Wood flooring creates a great backdrop to any interior, but in period homes it’s also a key element of their historic character. One of the many advantages of a solid timber floor is that the look of natural wood works well with many styles, allowing versatility should you come to redecorate.
At the moment, white and pale grey floors are very popular in low-traffic areas of the home. The move to extending kitchens to create larger, open plan, multifunctional family spaces has seen homeowners installing wood over large areas for the warmth and homeliness it provides.
Solid wood floors
Solid wood boards are an authentic choice, and can be sanded and refinished whenever required. Hardwoods, like oak and walnut, will potentially last longer and won’t scratch as easily as softer options. Woods like pine and beech are cost effective, but are more likely to get damaged easily and show wear over time.
Natural wood flooring has many benefits, from providing longevity to changing the acoustics of a room, giving it a warm, rich sound. Real wood floors add value, appeal and a sense of luxury to the home and, despite common misconceptions, can usually be laid successfully over underfloor heating.
Engineered wood floors
Engineered flooring is usually made up of three or more layers of plywood laid at right angles to each other, with a top “wear” layer of natural timber up to 6mm thick. As long as the wear layer is at least 4mm, many products can even be given a light sanding if damaged.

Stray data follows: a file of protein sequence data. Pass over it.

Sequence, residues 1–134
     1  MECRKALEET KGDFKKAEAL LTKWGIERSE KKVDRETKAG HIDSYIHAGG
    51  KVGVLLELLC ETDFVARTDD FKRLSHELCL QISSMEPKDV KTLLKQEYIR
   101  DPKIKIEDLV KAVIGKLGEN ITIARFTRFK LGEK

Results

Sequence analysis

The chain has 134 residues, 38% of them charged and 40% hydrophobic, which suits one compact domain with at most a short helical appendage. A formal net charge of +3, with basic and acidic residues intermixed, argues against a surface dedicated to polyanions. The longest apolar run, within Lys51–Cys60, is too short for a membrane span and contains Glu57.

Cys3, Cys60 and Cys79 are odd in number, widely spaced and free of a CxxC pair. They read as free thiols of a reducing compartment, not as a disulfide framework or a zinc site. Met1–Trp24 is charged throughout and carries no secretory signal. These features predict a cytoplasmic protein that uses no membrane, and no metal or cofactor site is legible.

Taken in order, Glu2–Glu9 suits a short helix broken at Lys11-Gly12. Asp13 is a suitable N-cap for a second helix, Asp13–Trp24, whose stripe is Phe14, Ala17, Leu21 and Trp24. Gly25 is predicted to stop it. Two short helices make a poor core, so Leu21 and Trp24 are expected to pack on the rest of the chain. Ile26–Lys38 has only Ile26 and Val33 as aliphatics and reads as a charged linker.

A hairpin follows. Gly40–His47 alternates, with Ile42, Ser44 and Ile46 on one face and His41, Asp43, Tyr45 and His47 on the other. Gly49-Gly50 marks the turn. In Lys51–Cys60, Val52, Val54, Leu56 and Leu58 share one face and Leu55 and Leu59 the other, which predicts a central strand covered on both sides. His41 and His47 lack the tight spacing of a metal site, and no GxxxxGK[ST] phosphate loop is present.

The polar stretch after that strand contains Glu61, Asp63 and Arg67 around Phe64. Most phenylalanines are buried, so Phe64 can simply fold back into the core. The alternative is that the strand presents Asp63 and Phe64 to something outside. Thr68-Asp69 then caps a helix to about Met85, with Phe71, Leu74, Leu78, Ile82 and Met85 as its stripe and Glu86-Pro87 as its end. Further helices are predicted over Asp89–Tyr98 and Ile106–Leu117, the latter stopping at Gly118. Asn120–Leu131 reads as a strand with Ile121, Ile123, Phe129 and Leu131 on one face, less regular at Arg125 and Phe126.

To find out whether the boards can be used with underfloor heating, ask the manufacturer before buying, and also check that the wood has been sustainably sourced.
For true period authenticity, reclaimed timber is a ready-aged, characterful choice that can often be fitted over underfloor heating, due to being acclimatised over the centuries. Parquet blocks are particularly popular, but boards from all eras are available. Be guided by the age of your home, and buy from a supplier that adheres to the Salvo Code.
Made up of smaller blocks laid in a pattern such as herringbone, parquet flooring has its roots in the 17th century homes of the aristocracy, and its popularity blossomed throughout the 18th and 19th centuries. The pattern celebrates the grain of the wood and enhances the look of the timber, catching the light.
If you’re new to parquet, use it in the hallway to make a statement and avoid fitting it in rooms where the furniture will cover up the majority of it, such as bedrooms.
Laminate or vinyl
Alternatively, for a fuss-free option, vinyl and laminate planks are available in a wide range of authentic-looking finishes, usually requiring no specialist installation. More often than not, they are compatible with underfloor heating and can be used in wet areas.